Newer insights of H1N1: Swine Flu Virus

Authors

  • Ritu Tiwari King George's Medical University, Lucknow, Uttar Pradesh
  • Shivam Verma King George's Medical University, Lucknow, Uttar Pradesh https://orcid.org/0009-0006-4246-4403
  • Narsingh Verma King George's Medical University, Lucknow, Uttar Pradesh https://orcid.org/0000-0003-0348-7419
  • Shraddha Singh King George's Medical University, Lucknow, Uttar Pradesh
  • Ajay Verma King George's Medical University, Lucknow, Uttar Pradesh
  • Anupam Mittal King George's Medical University, Lucknow, Uttar Pradesh https://orcid.org/0009-0001-7841-7813
  • Shiraja Haque King George's Medical University, Lucknow, Uttar Pradesh
  • Toyaj Kumar King George's Medical University, Lucknow, Uttar Pradesh https://orcid.org/0009-0005-0456-2646

DOI:

https://doi.org/10.47203/IJCH.2024.v36i01.005

Keywords:

H1N1 Swine Flu Virus, Respiratory Tract Infection, Epidemiology of H1N1, Pathophysiology of H1N1, Treatment of H1N1

Abstract

Swine flu, caused by the H1N1 influenza virus, is a subtype of influenza A that affects both the upper and lower respiratory tracts. It is primarily found in pigs and can be transmitted to humans through genetic variations in the virus. The 1918 Spanish flu pandemic resulted in the deaths of 50 to 100 million individuals. In 2009, the pandemic affected 178 countries, resulting in an estimated 43 to 89 million cases and 1799 deaths. The pathophysiology of H1N1 involves inflammation of the respiratory tract, with an incubation period of 1 to 4 days and a contagious period lasting 5 to 7 days. The signs and symptoms of swine flu include cough, sore throat, fever, myalgia, congestion, headache, rhinorrhoea, dizziness, sneezing, loss of appetite, fatigue, abdominal pain, shortness of breath, and in rare cases, vomiting and diarrhoea. The most common cause of death is respiratory failure, and neurological symptoms can occur due to high fever. To diagnose swine flu, various tests such as haematological, biochemical, and microbiological tests are conducted, including the collection of nasal or oral swabs for reverse transcriptase polymerase chain reaction (RT-PCR). Prevention and control measures include managing swine flu in pigs through herd management, hygiene practices, and vaccination. Treatment options vary based on the severity of the case. Mild to moderate cases can be managed with rest, antipyretics, NSAIDs, antihistamines, and oral rehydration therapy. Severe cases may require intravenous hydration, antibiotics for bacterial infections, antiviral therapy, and respiratory support.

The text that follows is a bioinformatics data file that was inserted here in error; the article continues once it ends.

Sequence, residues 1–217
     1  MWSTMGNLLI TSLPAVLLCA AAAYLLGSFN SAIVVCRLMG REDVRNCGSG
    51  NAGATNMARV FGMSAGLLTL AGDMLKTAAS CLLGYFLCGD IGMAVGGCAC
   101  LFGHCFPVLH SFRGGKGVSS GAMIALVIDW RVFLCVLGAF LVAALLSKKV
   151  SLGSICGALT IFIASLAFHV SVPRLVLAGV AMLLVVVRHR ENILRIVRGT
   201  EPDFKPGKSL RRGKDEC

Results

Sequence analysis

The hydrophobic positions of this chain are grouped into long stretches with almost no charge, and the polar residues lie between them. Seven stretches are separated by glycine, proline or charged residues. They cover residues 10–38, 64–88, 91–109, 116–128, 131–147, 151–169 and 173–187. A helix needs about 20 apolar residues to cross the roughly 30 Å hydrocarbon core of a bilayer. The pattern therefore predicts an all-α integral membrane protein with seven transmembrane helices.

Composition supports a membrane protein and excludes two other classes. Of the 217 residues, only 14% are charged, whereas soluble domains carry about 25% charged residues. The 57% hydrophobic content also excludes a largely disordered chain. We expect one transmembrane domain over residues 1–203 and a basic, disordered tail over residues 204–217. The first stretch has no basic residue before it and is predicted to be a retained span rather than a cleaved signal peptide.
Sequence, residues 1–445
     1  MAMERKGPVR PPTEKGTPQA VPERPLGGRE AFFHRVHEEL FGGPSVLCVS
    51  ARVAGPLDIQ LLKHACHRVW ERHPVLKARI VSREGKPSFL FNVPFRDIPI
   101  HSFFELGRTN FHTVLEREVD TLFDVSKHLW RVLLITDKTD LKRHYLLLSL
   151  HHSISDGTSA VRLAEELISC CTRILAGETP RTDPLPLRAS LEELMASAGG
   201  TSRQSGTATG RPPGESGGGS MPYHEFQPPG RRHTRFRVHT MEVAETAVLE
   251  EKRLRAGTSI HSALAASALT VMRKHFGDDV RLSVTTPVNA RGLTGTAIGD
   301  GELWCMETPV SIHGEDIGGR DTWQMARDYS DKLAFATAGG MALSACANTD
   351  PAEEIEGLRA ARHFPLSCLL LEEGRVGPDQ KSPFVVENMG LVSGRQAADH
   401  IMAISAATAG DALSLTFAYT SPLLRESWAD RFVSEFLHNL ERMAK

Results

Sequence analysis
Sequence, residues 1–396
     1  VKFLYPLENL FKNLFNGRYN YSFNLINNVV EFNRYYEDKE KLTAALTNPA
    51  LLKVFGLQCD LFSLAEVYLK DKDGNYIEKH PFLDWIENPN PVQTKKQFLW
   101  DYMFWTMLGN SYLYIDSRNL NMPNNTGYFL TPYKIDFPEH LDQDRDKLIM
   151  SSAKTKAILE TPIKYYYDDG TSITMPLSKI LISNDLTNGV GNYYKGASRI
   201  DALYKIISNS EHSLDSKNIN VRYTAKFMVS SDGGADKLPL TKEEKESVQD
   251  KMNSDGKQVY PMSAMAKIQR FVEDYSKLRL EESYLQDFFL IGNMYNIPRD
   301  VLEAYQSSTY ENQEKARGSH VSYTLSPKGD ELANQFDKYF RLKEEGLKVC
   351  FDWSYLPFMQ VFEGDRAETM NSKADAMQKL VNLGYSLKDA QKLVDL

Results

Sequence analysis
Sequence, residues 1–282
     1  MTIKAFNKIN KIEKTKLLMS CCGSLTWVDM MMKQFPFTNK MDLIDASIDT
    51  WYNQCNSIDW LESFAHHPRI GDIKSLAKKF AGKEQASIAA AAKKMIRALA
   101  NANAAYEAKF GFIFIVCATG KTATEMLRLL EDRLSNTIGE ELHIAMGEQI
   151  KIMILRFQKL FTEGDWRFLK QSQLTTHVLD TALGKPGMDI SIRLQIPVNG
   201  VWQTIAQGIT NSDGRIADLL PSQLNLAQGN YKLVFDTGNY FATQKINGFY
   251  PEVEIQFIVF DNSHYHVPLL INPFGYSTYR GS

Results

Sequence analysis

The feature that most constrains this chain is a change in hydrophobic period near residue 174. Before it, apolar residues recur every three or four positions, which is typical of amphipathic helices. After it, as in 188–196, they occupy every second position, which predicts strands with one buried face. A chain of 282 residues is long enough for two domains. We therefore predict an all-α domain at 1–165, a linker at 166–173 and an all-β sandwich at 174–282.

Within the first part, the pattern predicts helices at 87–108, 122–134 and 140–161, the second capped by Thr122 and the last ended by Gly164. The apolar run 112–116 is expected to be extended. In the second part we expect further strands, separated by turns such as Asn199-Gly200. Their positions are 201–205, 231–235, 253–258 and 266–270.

Downloads

Download data is not yet available.

Author Biographies

Ritu Tiwari, King George's Medical University, Lucknow, Uttar Pradesh

 

 

Shivam Verma, King George's Medical University, Lucknow, Uttar Pradesh

 

 

Narsingh Verma, King George's Medical University, Lucknow, Uttar Pradesh

 

 

Shraddha Singh, King George's Medical University, Lucknow, Uttar Pradesh

 

 

Ajay Verma, King George's Medical University, Lucknow, Uttar Pradesh

 

 

Anupam Mittal, King George's Medical University, Lucknow, Uttar Pradesh

 

 

Shiraja Haque, King George's Medical University, Lucknow, Uttar Pradesh

 

 

Toyaj Kumar, King George's Medical University, Lucknow, Uttar Pradesh

 

 

References

Kshatriya RM, Khara NV, Ganjiwale J, Lote SD, Patel SN, Paliwal RP. Lessons learnt from the Indian H1N1 (swine flu) epidemic: Predictors of outcome based on epidemiological and clinical profile. J Family Med Prim Care. 2018;7(6):1506-1509.

Rewar S, Mirdha D, Rewar P. Treatment and Prevention of Pandemic H1N1 Influenza. Ann Glob Health. 2015;81(5):645-53.

Nogales A, Martinez-Sobrido L, Chiem K, Topham DJ, DeDiego ML. Functional Evolution of the 2009 Pandemic H1N1 Influenza Virus NS1 and PA in Humans. J Virol. 2018;92(19):e01206-18.

Tapia R, García V, Mena J, Bucarey S, Medina RA, Neira V. Infection of novel reassortant H1N2 and H3N2 swine influenza A viruses in the guinea pig model. Vet Res. 2018;49(1):73.

Hasan F, Khan MO, Ali M. Swine Flu: Knowledge, Attitude, and Practices Survey of Medical and Dental Students of Karachi. Cureus. 2018;10(1):e2048.

Nelson MI, Souza CK, Trovão NS, Diaz A, Mena I, Rovira A, Vincent AL, Torremorell M, Marthaler D, Culhane MR. Human-Origin Influenza A(H3N2) Reassortant Viruses in Swine, Southeast Mexico. Emerg Infect Dis. 2019;25(4):691-700.

Nickol ME, Kindrachuk J. A year of terror and a century of reflection: perspectives on the great influenza pandemic of 1918-1919. BMC Infect Dis. 2019 Feb 6;19(1):117. doi: 10.1186/s12879-019-3750-8. PMID: 30727970; PMCID: PMC6364422.

Calore EE, Uip DE, Perez NM. Pathology of the swine-origin influenza A (H1N1) flu. Pathol Res Pract. 2011 Feb 15;207(2):86-90.

Somerville LK, Basile K, Dwyer DE, Kok J. The impact of influenza virus infection in pregnancy. Future Microbiol. 2018;13:263-274.

Myers KP, Olsen CW, Gray GC. Cases of swine influenza in humans: a review of the literature. Clin Infect Dis. 2007;44(8):1084-8

Downloads

Published

2024-02-29

How to Cite

1.
Tiwari R, Verma S, Verma N, Singh S, Verma A, Mittal A, et al. Newer insights of H1N1: Swine Flu Virus. Indian J Community Health [Internet]. 2024 Feb. 29 [cited 2024 Jul. 24];36(1):22-5. Available from: https://www.iapsmupuk.org/journal/index.php/IJCH/article/view/2679

Issue

Section

Continued Medical Education

Most read articles by the same author(s)